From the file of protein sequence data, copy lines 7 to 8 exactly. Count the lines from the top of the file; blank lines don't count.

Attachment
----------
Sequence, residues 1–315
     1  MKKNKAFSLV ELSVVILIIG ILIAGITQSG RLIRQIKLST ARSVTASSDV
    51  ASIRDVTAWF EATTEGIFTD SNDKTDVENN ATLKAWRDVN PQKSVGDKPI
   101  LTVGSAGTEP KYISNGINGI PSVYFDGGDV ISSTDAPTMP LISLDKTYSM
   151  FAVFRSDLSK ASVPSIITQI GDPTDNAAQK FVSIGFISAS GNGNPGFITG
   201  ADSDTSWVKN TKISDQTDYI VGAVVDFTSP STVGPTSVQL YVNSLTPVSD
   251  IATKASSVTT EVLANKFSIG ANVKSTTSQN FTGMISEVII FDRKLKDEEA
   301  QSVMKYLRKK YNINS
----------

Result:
   251  IATKASSVTT EVLANKFSIG ANVKSTTSQN FTGMISEVII FDRKLKDEEA
   301  QSVMKYLRKK YNINS